I’ve been wanting to get back into postcrossing and just bought two boxes of greeting cards because they were on sale. Now I know postcards are preferred over greeting cards, but i was thinking of using my father’s guillotine paper cutter to seperate the front and the back of the cards, so i could use the fronts as postcards and the backs to draw on or make notes on and stuff, since I can’t find many postcards where I live. Would this be a good idea? I’ve checked how the cardstock feels and it seems to me the same sort of sturdiness as the few postcards I already had, so I don’t think that’d be an issue. Still, I’d love to hear the community’s opinion on these kinds of solutions.
Just do it. If you cut them off neatly and precisely nobody will notice. But… pssst… don’t tell anybody.
Haha, thank you for the encouraging reply! I feel more excited than ever to mail out cards
I have no problem with this when they are cut precisely. I have received some very badly cut and that’s not so nice to receive. Some would say that technically it are not postcards, but in my opinion stamps are already expensive enough.
Well, luckily I should be able to get some nice results with the paper cutter. I just tried one and I’d say you can’t even tell it was cut
I prefer real postcards.
That’s understandable May I know why so I can better keep in mind the potential wishes of other people?
It’s my understanding of what a postcard is.
A cut-off half of a folded card is not a postcard in my opinion, I wouldn’t be satisfied with it.
I received a lot of these “halfs”, poorly cut, and they all looked like they came from a folding card that had already been used once.
On the other hand, I wouldn’t mind if I received a complete folded card.
I think that’s fine as long as they’re cut off cleanly. I have never used greeting cards as postcards but I have been thinking about it. Especially for people who like birthday postcards
I see, well, it’s unfortunate you’ve had a bad experience with people who use this method If I do end up doing this, I’ll be sure to put a great deal of care into clean cutting and making it look as nice as possible and if I ever end up getting to mail you a card, I’ll be sure to get a proper postcard
Thank you for your input! It would indeed be fun to use this method for birthday cards, since most of those do seem to be in a greeting card format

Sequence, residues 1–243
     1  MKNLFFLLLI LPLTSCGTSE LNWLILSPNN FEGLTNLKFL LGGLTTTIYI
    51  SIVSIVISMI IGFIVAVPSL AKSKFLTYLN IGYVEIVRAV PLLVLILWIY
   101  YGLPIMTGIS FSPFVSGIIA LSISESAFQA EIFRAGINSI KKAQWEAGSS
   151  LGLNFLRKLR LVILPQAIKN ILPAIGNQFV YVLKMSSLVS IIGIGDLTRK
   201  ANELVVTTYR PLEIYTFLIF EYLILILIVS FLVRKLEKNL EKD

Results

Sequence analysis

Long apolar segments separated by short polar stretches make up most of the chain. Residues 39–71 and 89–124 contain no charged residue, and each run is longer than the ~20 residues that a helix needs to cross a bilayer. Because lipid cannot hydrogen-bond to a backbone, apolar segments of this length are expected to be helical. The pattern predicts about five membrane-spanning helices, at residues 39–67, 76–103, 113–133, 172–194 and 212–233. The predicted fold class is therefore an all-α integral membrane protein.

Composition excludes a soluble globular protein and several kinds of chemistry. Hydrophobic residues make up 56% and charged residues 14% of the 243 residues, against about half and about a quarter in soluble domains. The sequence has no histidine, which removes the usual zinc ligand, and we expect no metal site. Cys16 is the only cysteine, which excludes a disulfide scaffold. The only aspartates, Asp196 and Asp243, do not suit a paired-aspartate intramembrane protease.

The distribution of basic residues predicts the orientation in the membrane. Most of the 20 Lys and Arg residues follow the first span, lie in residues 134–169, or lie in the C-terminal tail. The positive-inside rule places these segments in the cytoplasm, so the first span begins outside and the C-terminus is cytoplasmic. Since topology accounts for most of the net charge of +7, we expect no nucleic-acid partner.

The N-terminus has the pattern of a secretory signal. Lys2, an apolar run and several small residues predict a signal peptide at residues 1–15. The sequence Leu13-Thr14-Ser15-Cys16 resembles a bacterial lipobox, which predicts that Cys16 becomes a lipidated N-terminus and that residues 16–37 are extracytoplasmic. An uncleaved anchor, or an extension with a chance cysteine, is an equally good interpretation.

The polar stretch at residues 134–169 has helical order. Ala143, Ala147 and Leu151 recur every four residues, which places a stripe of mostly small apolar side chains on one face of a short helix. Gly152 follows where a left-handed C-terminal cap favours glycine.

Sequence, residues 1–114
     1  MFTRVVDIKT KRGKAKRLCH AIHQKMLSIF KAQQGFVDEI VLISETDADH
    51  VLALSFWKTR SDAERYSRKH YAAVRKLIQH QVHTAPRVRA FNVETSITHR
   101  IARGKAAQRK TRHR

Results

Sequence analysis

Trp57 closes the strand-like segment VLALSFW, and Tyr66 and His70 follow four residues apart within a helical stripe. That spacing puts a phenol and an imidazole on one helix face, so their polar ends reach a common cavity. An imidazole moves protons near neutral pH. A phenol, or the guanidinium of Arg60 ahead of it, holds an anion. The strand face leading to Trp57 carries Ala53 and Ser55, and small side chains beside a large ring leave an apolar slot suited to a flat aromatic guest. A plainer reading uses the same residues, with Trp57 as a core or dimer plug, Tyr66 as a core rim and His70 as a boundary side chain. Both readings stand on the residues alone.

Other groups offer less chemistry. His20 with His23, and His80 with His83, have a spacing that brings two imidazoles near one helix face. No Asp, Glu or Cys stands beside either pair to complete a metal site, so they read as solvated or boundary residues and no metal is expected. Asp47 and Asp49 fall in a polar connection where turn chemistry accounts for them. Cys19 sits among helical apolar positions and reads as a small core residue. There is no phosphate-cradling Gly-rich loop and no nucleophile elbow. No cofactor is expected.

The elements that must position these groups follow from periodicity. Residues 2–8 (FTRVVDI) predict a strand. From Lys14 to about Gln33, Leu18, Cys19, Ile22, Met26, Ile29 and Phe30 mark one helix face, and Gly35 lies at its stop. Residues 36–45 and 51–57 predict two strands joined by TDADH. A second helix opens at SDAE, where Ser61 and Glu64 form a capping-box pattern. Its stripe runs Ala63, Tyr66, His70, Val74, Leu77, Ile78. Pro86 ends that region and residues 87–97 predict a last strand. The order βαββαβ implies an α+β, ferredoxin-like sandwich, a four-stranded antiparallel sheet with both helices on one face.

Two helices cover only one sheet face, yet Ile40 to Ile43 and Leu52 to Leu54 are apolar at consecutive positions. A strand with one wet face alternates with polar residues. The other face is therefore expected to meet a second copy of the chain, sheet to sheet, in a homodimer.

There are a lot of fantastic greeting cards but…they are greeting cards…
So I would really appreciate it if someone sends me a repurposed greeting card as I don’t like folded cards. Infact I got some repurposed and they were all beautiful and cut out proper.
If you use a guillotine paper cutter with a sharp knife it works fantastic.
I took the plunge and did this with a card when I first started Postcrossing… because I had the perfect (in my mind) thing to send this person from their wish list but it was a greeting card. So I used a paper cutter like you have and made sure to make it look professional. And they really liked it!
Honestly, if you do it well and take the care to write a very thoughtful message it will probably be received well. Postcrssers are a pretty nice group of people
More good advice from @Speicher3!
Unfortunately, a lot of “postcard police” will tell you that these aren’t “real” postcards. But if what you send is within the postcard dimension parameters set by your mail service, consists of an image on the front and a nice message on the back, and bears the appropriate postage and ID number, then I cannot find any justification for classifying it as “not a postcard.”
Of course, everyone has their own preferences and opinions regarding postcards, but @Applewasp, it seems that you have found a great way to give new life to old greeting cards, spread some joy around the world, and also save some money! I know that you’ll make them into beautiful postcards, so don’t give a second thought to the not-a-postcard police!
Thank you so very much for this lovely reply It’s really encouraging to hear your and everyone’s else’s positive feedback and advice!
I own a lot of “real” postcards with a completely blank side to write on. Therefore I have to add everything by hand. Dividers, lines to write down the address properly etc… So far no one has accused me of secretly reusing greeting cards.
Long story short, if you cut your greeting cards properly no one can distinguish them from “real” postcards.
I agree with this. The technical definition of a postcard is that it’s a single card that you can send without an envelope. How the postcard got that way–whether you repurposed it from a folded card, hand made it or bought it from a publisher that makes professional postcards–doesn’t matter.
Me as well, some of the cards from smaller artists (Etsy etc) are printed on postcard quality stock with a blank backing. They are made and sold as postcards and in some cases are more expensive than the cheap tourist viewcards that are produced in quantity. To my eye, these cards would not be any different than a sturdy, carefully repurposed greeting card.
When you use a paper cutting machine no one can tell it was a greeting card. There are quite a few real postcards around that have nothing at all on the backside. The problem with repuposing is when people take their old scissors and just cut it. That’s ugly and not nice.
The only issue I have about the front of a greeting card is that it may not appropriately credit the illustrator / photographer (because this is usually printed on the back of the greeting card message part, which would be cut off). These people deserve credit for their work! I would rather have the sender “fess up” and tell me who the artist is than have them just send a nice but uncredited work. Of course, I also welcome handmade…